The Gettysburg Address: We Have Long Remembered

The Gettysburg Address: We Have Long Remembered

November 19, 2013 12:00 ET
November 19th is the 150th anniversary of President Abraham Lincoln's Gettysburg Address. This speech is widely acclaimed as one of the most eloquent in American history. It was delivered at the dedication of a national cemetery on Gettysburg's battlefield four and a half months after Union forces turned back Robert E. Lee's Confederate army in the bloodiest engagement of the Civil War. The brief address reverberates with the rhythms and phrases of the King James Bible, a book with which Lincoln was intimately acquainted. Professor Dreisbach will discuss how Lincoln used biblical language and themes to solemnify the occasion and to infuse the sacrifice of the dead and wounded at Gettysburg

November 19th is the 150th anniversary of President Abraham Lincoln's Gettysburg Address. This speech is widely acclaimed as one of the most eloquent in American history. It was delivered at the dedication of a national cemetery on Gettysburg's battlefield four and a half months after Union forces turned back Robert E. Lee's Confederate army in the bloodiest engagement of the Civil War. The brief address reverberates with the rhythms and phrases of the King James Bible, a book with which Lincoln was intimately acquainted. Professor Dreisbach will discuss how Lincoln used biblical language and themes to solemnify the occasion and to infuse the sacrifice of the dead and wounded at Gettysburg with great meaning.

Daniel L. Dreisbach is a professor in the School of Public Affairs at American University. He received a Doctor of Philosophy degree from Oxford University and a Juris Doctor degree from the University of Virginia. His principal research interests are constitutional law and the intersection of religion, politics, and law in American public life. He has authored or edited eight books, including Faith and the Founders of the American Republic (Oxford Univ. Press, forthcoming in 2014), The Sacred Rights of Conscience (Liberty Fund, 2009), and Thomas Jefferson and the Wall of Separation between Church and State (New York Univ. Press, 2002). He has published numerous book chapters, reviews, and articles in scholarly journals, including American Journal of Legal History, Politics and Religion, Constitutional Commentary, Journal of Church and State, and William and Mary Quarterly.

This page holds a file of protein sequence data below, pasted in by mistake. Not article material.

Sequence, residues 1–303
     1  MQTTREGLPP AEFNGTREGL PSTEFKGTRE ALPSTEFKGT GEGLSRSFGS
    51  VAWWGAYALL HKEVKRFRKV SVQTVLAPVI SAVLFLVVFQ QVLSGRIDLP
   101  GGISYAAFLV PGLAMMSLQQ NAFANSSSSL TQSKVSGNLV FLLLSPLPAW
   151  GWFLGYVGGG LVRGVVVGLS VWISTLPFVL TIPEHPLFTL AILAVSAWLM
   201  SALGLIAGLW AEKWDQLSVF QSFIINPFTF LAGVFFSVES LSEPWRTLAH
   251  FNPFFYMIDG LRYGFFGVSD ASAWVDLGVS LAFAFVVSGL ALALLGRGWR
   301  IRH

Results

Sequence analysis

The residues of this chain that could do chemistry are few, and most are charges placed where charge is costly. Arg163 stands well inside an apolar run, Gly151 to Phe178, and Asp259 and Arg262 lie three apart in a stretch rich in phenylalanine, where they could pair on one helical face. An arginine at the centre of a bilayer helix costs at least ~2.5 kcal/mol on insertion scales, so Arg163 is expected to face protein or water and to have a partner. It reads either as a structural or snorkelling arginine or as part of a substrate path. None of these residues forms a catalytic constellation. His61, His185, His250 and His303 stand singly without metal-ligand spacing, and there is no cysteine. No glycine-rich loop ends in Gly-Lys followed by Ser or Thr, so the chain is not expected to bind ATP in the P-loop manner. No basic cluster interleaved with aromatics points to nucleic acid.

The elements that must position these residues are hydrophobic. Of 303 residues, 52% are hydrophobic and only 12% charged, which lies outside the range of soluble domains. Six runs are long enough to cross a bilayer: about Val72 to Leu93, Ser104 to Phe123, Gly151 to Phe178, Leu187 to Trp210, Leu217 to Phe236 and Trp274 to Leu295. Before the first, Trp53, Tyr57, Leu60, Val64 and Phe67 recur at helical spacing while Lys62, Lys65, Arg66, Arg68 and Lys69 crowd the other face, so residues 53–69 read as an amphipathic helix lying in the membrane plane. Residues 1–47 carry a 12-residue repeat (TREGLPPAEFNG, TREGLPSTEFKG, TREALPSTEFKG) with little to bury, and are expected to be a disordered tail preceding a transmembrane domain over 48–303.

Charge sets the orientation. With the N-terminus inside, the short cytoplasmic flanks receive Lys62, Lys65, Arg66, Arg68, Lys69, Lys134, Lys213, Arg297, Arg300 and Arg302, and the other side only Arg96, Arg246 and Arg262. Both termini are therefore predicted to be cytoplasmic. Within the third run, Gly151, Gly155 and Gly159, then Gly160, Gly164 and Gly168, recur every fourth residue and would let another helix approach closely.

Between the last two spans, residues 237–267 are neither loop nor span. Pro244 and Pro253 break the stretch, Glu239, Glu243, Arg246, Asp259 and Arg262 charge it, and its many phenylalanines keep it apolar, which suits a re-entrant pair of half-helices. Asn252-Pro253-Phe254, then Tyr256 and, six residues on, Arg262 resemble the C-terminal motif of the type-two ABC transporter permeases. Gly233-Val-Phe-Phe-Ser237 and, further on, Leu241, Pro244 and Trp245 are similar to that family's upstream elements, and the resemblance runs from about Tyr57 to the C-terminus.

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November 19th is the 150th anniversary of President Abraham Lincoln's Gettysburg Address. This speech is widely acclaimed as one of the most eloquent in American history. It was delivered at the dedication of a national cemetery on Gettysburg's battlefield four and a half months after Union forces turned back Robert E. Lee's Confederate army in the bloodiest engagement of the Civil War. The brief address reverberates with the rhythms and phrases of the King James Bible, a book with which Lincoln was intimately acquainted. Professor Dreisbach will discuss how Lincoln used biblical language and themes to solemnify the occasion and to infuse the sacrifice of the dead and wounded at Gettysburg with great meaning.

Daniel L. Dreisbach is a professor in the School of Public Affairs at American University. He received a Doctor of Philosophy degree from Oxford University and a Juris Doctor degree from the University of Virginia. His principal research interests are constitutional law and the intersection of religion, politics, and law in American public life. He has authored or edited eight books, including Faith and the Founders of the American Republic (Oxford Univ. Press, forthcoming in 2014), The Sacred Rights of Conscience (Liberty Fund, 2009), and Thomas Jefferson and the Wall of Separation between Church and State (New York Univ. Press, 2002). He has published numerous book chapters, reviews, and articles in scholarly journals, including American Journal of Legal History, Politics and Religion, Constitutional Commentary, Journal of Church and State, and William and Mary Quarterly.

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